The search for the best Christmas show in Manchester is over. Forget the panto and Dirty Dancing, as this wild and wonderfully funny Broadway classic has arrived and like brandy and mince pies, it'll take some beating.
This time of year - the festivities are centred around 'family' and whether that strikes you with joy or fear, You Can't Take It With You presents you with an unusual but highly lovable collection of characters known as the Vanderhofs. Imagine the Addams Family meets the Munsters and a dash of The In Laws and this gives you some idea of what's in store.
I say 'some' because the innovative Told By An Idiot and The Royal Exchange have produced a terrific show which ticks all of the boxes but also surprises the audience with some incredible set pieces, wonderfully wacky scenes, perfectly played poignancy and most of all - more laughs per minute than any other show in town.
The plot is farcical and the less you know the better the piece becomes. Suffice to say - unexpected visitors arrive at the Vanderhofs, and like a classier Meet The Fockers - we laugh like drains as two very different families are introduced to each other and this crazy comedy begins to take hold on the audience and does not let up for two hours.
Each performer is outstanding as these guys operate like athletes - passing the comedy baton to the next gifted member of the team, and Paul Hunter's spirited and frenetic direction allows them all to shine equally. I particularly liked Christopher Benjamin's dry tax dodging grandfather, Joanne Howarth's doting yet dotty mom, Sophie Russell's high kicking dancer and the marvelous Miltos Yerolemou as her dance teacher - Boris Kolenhov.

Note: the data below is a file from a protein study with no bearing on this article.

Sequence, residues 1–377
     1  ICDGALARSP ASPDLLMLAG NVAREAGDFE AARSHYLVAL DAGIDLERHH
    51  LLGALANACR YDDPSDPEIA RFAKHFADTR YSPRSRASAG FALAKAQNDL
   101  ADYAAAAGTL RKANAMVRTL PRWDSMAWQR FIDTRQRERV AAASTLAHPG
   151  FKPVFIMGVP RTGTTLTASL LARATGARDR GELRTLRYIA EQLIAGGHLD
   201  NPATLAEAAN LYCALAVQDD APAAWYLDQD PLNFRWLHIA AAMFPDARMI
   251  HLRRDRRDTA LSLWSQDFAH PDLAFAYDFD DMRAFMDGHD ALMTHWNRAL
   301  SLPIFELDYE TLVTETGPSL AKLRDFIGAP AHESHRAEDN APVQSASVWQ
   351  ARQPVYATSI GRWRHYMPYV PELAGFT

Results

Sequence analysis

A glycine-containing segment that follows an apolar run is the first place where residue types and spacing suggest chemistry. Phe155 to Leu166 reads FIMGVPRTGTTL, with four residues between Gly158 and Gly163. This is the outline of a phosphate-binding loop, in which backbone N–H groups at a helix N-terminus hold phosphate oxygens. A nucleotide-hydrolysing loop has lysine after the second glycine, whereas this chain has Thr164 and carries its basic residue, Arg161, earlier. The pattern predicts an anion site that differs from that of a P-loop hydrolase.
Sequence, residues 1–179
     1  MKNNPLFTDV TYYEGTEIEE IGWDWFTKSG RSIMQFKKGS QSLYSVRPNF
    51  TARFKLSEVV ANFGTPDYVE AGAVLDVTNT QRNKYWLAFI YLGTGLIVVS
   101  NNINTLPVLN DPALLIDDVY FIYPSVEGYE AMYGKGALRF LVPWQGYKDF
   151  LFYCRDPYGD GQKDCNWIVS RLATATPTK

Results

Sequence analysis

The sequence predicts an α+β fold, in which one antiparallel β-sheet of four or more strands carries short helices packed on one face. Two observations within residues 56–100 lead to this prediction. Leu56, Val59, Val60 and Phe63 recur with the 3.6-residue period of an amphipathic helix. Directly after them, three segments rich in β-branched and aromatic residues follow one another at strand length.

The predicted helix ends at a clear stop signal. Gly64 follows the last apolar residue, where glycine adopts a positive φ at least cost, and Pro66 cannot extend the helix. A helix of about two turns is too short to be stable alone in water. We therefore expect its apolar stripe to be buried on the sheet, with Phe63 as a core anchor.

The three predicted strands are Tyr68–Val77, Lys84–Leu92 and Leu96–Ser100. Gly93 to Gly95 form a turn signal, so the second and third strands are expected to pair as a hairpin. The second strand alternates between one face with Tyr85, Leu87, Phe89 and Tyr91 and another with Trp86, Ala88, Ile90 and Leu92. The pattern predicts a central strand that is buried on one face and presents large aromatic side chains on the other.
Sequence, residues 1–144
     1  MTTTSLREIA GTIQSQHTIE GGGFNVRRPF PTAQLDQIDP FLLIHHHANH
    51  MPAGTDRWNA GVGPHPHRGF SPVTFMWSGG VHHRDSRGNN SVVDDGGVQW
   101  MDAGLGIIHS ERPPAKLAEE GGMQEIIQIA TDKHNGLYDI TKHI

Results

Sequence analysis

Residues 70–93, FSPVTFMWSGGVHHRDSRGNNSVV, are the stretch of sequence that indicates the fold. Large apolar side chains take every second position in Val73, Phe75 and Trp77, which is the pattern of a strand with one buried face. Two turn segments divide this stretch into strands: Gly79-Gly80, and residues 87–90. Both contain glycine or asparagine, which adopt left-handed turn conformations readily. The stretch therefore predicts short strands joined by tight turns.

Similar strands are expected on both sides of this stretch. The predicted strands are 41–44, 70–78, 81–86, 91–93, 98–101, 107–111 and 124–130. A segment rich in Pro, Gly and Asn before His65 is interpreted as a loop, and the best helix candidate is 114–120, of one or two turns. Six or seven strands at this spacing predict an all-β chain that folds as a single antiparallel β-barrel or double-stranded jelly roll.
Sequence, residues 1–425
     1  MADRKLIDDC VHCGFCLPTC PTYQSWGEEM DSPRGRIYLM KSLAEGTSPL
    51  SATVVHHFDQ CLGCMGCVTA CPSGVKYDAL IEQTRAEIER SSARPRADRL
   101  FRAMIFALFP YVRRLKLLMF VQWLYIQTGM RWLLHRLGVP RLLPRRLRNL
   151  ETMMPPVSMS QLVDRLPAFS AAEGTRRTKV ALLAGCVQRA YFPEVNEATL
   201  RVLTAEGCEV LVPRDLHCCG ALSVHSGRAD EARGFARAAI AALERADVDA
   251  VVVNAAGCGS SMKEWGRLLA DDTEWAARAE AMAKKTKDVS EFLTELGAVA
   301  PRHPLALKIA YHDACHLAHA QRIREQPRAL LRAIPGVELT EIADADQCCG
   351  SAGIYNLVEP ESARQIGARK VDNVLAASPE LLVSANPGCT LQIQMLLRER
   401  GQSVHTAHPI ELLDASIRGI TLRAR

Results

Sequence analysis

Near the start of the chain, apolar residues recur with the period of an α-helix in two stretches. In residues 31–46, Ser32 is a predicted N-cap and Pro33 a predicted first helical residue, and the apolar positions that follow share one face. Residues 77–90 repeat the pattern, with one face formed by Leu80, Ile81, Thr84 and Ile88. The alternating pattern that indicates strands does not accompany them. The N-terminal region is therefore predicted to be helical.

The entire cast though give flawless turns in a production which treats the audience to an awesome night out which involves you at every turn. The comedy within the narrative is balanced by many moving scenes which see the family struggling to be accepted. So convincing are they all that the audience view them as completely reasonable and everyone else as eccentric rulebreakers.
Laura Hopkins' set pieces have plenty of shocks in store for visitors to the Vanderhof home and for members of the audience, particularly if you are in the stalls. This totally suits George S.Kaufman's timeless writing which recalls his Marx Brothers past as it's very Vaudeville.
You Can't Take It With You is one of those rare comedies that moves you one minute and leaves you convulsing with laughter the next. Frank Capra's It's a Wonderful Life is a Christmas classic, but he made a film version of this too. How apt, as this is a fantastic and exciting piece of heaven-sent theatre with a heart the size of Salford.